Tuesday, November 15, 2011

Homeland and the Tyranny of the Episode (spoilers)

(If you don't want Homeland spoilers then don't read this post for your own safety. ) This morning I read three positive blog posts regarding last night's episode of Homeland. All were by writers I respect and all celebrated the writing and acting in a long scene during which CIA agent Carrie (Claire Danes) and returned soldier and suspected terrorist Brody (Damian Lewis) finally take each others' measure. It's to the credit of all involved with Homeland that the scene and indeed the whole episode (which suggests a surprising new direction for the show) was so gripping, and I do think the already renewed series has earned the acclaim it has received as one of the high spots of the TV season. Yet as I thought about last night's episode and the plot developments that led up to it I couldn't help but wonder if those praising Homeland are failing to (as Carrie would say) "play the long game".

Web TV critics, even the good ones, are day traders of web cultural writing. They're up one week and down the next, and if someone is writing great pieces about the emotional honesty of Mae Whitman's arc over two seasons of Parenthood (to cite just one example) then I'm missing them. Last night's Homeland (which also featured strong work from Mandy Patinkin as Carrie's mentor Saul) was an excellent episode of television, but how did we get to this point? I had trouble believing that Carrie would sleep with Brody (which happened for the first time in last week's episode), then accidentally reveal a detail she gleaned from her surveillance of Brody, and THEN give away the whole I-think-you're-a-terrorist plot. I could have seen one of these things happening, but all three in close proximity felt as if the show were working too hard to make a point about Carrie’s instability. Much was made in the early episodes of Carrie self-medicating for a “mood disorder”; we’d almost forgotten about it as the plot sped up, and now we find that the writers have maneuvered Carrie into a situation where she doesn’t have access to her meds when she needs them most. It’s a clever piece of narrative control to get Carrie and us to this point, but as the focus of the investigation shifts we can only assume that the CIA will need Carrie at her best (back on her pills) and that she’ll stay quiet about her dalliance with Brody for fear of having her objectivity questioned.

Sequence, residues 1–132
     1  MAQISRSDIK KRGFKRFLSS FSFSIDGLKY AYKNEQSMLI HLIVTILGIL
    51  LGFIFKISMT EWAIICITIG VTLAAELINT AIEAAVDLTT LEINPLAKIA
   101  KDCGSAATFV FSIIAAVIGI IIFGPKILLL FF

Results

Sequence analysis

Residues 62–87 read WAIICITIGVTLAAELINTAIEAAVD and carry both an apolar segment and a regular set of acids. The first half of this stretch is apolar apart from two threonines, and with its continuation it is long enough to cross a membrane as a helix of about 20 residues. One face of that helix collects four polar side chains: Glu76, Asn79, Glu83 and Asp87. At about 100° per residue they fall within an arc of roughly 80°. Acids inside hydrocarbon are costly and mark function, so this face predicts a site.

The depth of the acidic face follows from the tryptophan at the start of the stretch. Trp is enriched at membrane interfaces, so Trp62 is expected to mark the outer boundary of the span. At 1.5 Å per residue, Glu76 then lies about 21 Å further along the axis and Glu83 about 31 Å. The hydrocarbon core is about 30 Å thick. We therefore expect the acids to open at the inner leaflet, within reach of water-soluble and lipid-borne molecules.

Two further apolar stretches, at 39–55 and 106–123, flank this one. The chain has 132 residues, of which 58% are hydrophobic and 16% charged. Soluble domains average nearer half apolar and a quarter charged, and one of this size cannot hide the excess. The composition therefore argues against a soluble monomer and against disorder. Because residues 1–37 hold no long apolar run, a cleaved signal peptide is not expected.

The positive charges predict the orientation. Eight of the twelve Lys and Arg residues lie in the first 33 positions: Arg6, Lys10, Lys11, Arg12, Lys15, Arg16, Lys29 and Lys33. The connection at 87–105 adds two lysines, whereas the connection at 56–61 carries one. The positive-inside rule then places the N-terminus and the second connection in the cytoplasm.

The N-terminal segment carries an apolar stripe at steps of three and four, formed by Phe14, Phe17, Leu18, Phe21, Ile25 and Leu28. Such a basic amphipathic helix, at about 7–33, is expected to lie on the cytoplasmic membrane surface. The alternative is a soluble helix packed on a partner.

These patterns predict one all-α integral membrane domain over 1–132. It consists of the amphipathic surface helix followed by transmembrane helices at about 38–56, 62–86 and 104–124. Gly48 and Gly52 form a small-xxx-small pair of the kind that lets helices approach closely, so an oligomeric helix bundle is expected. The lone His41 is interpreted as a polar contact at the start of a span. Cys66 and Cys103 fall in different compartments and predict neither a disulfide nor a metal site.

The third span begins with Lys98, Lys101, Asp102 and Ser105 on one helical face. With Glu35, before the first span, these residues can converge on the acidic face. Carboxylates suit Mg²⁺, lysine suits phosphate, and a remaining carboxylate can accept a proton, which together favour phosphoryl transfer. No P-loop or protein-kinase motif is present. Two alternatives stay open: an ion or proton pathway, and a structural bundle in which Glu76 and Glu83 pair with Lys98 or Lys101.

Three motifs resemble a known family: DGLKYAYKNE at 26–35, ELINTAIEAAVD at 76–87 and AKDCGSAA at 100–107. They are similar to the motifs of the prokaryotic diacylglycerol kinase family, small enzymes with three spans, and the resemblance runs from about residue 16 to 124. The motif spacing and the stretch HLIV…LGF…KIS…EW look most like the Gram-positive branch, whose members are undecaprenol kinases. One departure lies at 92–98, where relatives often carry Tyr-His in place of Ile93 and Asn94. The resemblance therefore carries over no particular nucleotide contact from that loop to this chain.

All this to say that Homeland sets Carrie up as a skilled, highly valued CIA officer and then depends on her not doing her job well for the show’s momentum. Carrie sets up ill-advised, extra-legal surveillance on Brody, fails to correctly interpret his “prayer beads” gesture earlier (Mightn’t she or Saul have known what that meant?), then risks operational security by revealing she thinks Brody is a terrorist. She also lies to an asset who is later murdered. Carrie’s impulsive decision to sleep with Brody is part of a pattern for her; we know about her affair with her boss David (David Harewood) and there’s certainly an undercurrent between Carrie and her mentor Saul, though I think the introduction of Saul’s wife rules out an affair there. There’s no question of Carrie’s seriousness or of her raw ability, but the writers of Homeland are implicitly and perhaps unconsciously painting Carrie as someone who gets what she wants (or at least attempts to ) via her sexuality. That’s a shame given Danes’ lived-in performance and the show’s apparent desire to subvert genre expectations. I’ve read little of this in reaction to the show, which has mostly focused on whether or not Brody is a terrorist and how he’ll be worked into the show going forward and in a second season. Since The Sopranos premiered we value television drama perhaps more than ever before, but because of a never-ending desire for web content even the best of it takes on a weird disposable quality. I wish there was time to consider a series as good as Homeland on a deeper lever, but I fear that we have gone too far down the road of hot and now criticism to turn back now.

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